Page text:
The tension between data caps and revenue maximization

Data usage is growing fast. But some telco revenues are not keeping pace with data usage. Why? In Africa, data usage is generally linked to increasing revenues. Why don’t we see the same trend in Europe? Figure 1 shows data usage compared to ICT sector revenues in Germany. We can see the same trends in the UK and other European countries. 

One major factor that differentiates Europe – and other mature markets like South Korea – from Africa is that the growth of the ICT sector is bound to slow down with increasing market penetration. Once most households have fixed Internet and most adults have a smartphone, the telco’s can’t add more subscribers. More subscribers means more revenues. 

There is another major reason that has not been discussed: unlimited data packages. In essence, the mobile product design in mature markets like Europe and South Korea limits revenue growth. Table 1 displays the average data use per subscriber split by LTE and 5G for South Korea’s SK Telecom (one of the few operators in the world that makes 5G data usage public). While mobile data traffic is still increasing, the average usage is below 10GB for LTE users and below 30GB for 5G subscribers. While there will be a significant number of very high data users, the majority are not using anywhere close to the data caps of 100GB, 110GB, 150GB and 250GB for postpaid 5G products on offer by SK Telecom. That means that customers may increase their data usage without having to move to a better plan for a considerable period of time and therefore massive data growth is unlinked from telco revenues. 

Average Monthly Data Usage per LTE SubscriberGB5.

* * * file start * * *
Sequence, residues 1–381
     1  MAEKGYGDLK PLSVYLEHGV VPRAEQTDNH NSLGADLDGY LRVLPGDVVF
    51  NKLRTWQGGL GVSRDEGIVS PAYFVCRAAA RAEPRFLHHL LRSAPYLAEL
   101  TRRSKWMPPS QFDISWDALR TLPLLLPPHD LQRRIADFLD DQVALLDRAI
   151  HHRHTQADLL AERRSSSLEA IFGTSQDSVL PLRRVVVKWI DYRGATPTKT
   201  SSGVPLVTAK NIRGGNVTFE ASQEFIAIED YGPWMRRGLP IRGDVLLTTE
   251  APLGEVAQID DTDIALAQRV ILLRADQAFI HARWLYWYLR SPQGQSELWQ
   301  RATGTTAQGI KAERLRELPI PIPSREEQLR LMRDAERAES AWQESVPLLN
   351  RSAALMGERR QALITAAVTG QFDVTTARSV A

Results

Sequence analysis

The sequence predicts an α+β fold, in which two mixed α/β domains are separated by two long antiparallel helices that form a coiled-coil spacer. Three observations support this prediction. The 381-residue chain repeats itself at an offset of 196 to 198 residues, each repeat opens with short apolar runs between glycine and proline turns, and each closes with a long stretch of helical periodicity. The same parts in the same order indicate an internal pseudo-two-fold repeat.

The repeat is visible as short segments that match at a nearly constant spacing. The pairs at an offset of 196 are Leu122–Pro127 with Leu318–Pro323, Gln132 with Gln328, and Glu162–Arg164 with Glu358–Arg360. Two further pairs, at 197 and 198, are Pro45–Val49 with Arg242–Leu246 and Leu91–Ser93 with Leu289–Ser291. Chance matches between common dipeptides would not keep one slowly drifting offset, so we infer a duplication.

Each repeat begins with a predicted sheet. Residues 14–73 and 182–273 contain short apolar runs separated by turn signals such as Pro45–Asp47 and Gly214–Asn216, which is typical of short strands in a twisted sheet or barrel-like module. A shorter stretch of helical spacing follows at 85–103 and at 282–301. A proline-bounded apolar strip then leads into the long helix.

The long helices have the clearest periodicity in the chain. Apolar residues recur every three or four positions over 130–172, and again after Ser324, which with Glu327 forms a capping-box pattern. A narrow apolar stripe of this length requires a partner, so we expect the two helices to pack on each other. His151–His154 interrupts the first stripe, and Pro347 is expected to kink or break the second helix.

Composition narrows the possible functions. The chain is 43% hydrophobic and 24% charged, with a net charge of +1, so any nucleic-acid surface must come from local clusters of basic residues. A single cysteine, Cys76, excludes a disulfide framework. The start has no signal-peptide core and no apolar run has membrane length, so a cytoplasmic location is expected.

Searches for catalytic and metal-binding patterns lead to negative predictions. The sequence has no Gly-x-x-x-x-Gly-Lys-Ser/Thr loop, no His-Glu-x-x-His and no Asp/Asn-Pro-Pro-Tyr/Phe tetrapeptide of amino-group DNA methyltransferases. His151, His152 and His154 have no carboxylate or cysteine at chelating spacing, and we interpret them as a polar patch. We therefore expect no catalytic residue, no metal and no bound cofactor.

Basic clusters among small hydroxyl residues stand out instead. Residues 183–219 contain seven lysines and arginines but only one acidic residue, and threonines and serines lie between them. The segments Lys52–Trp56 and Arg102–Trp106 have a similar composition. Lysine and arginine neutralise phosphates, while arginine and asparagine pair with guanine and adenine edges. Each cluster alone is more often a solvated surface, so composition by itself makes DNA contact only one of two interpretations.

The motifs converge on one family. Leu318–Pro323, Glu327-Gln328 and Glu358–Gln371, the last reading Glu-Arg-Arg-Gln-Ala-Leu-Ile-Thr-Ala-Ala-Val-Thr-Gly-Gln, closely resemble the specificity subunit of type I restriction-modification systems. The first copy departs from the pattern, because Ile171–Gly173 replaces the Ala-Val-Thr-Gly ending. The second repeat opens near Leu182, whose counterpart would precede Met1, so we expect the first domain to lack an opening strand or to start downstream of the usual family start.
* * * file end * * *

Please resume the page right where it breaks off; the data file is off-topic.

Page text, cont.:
Average Monthly Data Usage per 5G SubscriberGB28.026.6
LTE Subscribers 1,00021,07822,86524,79625,02222,848
5G Subscribers 1,0002,0845,476
Mobile Data Traffic LTETB109,606137,190176,052205,180178,214
Mobile Data Traffic 5GTB58,352145,662
Total Mobile Data TrafficTB109,606137,190176,052263,532323,876
Source:AFS YE2020 page 13
Other news from around Africa 
  • Digital taxes in Tanzania: The Tanzanian Revenue Authority met with officials from Meta to discuss a digital services tax in the country.
  • Mobile prices slashed: In Equatorial Guinea, the government has persuaded MNOs to reduce their prices by 50%. As per usual, it doesn’t look like any cost/benefit analysis has been done and the potential for unintended consequences is massive. 
  • MNO consolidation: MTN predicts fewer operators across its operating countries as smaller operators are unable to compete with the massive infrastructure investments required by 5G. 
  • Artificial Intelligence: An increasing number of African governments are looking towards AI to grow their economies. But a Government AI Readiness Index by Oxford Insights shows that Africa lags the rest of the globe by a significant margin on basic infrastructure readiness.